Range Access Act Would Greatly Expand Recreational Shooting on Public Lands

October 18, 2022 By: Torin Miller

Last week, Rep. Blake Moore (R-Utah) introduced the Range Access Act, which would promote and expand access to safe recreational target shooting practice on federal public lands. Specifically, this bill would require the U.S. Forest Service (USFS) and the Bureau of Land Management (BLM) to ensure that each qualifying National Forest and BLM district has at least one designated public recreational shooting range that does not require a user fee.

The National Deer Association (NDA) is dedicated to ensuring the future of wild deer, wildlife habitat and hunting. The Range Access Act promotes all three through dedicated facilities for hunters and additional conservation funding raised via excise taxes on shooting equipment established by the Pittman-Robertson Act. For many hunters, the lack of safe and affordable places to recreationally shoot and practice is a barrier to entry to hunting and recreational shooting. The bill states that ranges shall be able to accommodate rifles, pistols, and shotguns, and may accommodate archery. Additionally, the bill requires the USFS and BLM to consider the proximity of areas frequently used by recreational shooters when identifying a suitable location for a designated shooting range.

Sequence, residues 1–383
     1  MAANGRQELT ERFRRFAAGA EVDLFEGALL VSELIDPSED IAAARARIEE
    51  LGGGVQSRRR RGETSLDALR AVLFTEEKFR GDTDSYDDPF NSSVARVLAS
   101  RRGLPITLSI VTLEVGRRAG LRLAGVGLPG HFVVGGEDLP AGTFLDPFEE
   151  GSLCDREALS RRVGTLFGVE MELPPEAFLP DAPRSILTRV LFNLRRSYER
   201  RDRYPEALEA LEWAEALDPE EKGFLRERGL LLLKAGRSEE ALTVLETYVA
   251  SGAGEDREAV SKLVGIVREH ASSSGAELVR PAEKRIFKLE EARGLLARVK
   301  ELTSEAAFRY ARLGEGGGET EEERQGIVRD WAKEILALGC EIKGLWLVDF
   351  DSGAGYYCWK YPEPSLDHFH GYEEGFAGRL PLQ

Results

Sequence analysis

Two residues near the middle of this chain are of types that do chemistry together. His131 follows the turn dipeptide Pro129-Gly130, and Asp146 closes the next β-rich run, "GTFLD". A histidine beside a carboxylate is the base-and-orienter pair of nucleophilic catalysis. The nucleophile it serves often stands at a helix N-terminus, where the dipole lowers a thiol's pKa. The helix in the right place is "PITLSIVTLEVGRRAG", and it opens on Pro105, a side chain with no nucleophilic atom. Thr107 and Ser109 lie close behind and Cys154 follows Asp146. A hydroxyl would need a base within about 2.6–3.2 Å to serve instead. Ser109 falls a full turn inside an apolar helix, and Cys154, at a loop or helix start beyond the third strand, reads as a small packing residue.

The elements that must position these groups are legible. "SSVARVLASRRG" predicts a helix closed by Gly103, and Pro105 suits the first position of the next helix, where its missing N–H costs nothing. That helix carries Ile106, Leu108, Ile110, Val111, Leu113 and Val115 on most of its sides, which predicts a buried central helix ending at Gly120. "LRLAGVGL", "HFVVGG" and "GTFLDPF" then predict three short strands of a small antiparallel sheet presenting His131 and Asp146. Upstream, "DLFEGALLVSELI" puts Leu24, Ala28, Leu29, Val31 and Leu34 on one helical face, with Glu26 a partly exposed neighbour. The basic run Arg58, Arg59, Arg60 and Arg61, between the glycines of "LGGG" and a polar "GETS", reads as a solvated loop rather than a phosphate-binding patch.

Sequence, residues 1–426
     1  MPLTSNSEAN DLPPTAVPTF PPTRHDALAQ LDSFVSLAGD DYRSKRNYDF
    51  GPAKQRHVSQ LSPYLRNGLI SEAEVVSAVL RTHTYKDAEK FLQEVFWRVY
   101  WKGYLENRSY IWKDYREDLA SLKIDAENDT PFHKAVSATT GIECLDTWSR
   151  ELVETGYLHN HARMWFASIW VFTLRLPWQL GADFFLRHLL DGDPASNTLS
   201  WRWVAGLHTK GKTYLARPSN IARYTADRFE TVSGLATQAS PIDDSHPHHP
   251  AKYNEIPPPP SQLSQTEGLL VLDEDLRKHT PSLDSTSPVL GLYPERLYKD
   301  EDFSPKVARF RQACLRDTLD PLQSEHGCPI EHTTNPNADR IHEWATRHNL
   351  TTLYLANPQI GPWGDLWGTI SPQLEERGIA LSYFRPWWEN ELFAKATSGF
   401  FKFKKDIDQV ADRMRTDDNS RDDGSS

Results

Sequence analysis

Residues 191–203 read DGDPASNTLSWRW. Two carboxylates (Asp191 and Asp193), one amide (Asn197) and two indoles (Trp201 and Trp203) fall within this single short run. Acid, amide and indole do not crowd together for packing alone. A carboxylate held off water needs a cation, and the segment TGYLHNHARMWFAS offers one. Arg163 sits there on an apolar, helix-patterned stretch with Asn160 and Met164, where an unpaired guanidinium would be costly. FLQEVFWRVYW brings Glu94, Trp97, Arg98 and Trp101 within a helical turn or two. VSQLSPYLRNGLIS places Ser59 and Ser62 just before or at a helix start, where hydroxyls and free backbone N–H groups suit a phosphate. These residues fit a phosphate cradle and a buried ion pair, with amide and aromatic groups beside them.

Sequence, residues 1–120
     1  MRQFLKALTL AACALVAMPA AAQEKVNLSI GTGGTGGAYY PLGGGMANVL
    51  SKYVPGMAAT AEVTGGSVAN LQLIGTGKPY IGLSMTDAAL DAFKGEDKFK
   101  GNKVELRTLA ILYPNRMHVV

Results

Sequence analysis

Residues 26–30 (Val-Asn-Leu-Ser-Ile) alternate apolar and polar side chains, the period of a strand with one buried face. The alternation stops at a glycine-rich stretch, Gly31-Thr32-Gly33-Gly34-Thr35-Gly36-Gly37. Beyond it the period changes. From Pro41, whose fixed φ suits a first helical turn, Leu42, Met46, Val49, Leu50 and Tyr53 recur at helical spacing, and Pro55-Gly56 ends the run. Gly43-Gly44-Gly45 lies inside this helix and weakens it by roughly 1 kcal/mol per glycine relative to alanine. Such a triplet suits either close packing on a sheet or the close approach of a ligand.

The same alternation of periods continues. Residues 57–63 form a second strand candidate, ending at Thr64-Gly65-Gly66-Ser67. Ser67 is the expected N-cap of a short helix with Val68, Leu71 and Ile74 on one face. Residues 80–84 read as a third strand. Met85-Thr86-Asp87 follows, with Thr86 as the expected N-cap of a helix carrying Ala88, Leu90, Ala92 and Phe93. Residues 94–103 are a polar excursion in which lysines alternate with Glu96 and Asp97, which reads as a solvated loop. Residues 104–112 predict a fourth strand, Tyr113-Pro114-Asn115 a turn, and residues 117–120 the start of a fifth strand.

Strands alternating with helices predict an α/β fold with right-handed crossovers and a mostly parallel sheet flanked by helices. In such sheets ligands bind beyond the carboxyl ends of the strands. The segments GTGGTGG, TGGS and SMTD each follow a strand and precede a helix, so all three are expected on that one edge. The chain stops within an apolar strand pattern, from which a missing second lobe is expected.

The Range Access Act makes it easier for hunters and recreational shooters to practice and enjoy their sports, driving conservation funding. The bill also offers safe places for shooters to practice, benefitting both shooters and other recreators. Finally, the bill will reduce shooting litter on federal public lands by creating designated ranges with appropriate facilities.

Notably, language in the Range Access Act is also in the America’s Outdoor Recreation Act, which passed the Senate Committee on Energy and Natural Resources in September.

About Torin Miller:

Torin Miller is a licensed attorney and NDA’s Senior Director of Policy. He works at the intersection of conservation and natural resources law, policy, advocacy and education. He has bachelor's and master's degrees in wildlife and fisheries science from Penn State University and a J.D. from Penn State Law. Torin came to NDA via the National Deer Alliance, where he served as the Policy and Outreach Coordinator.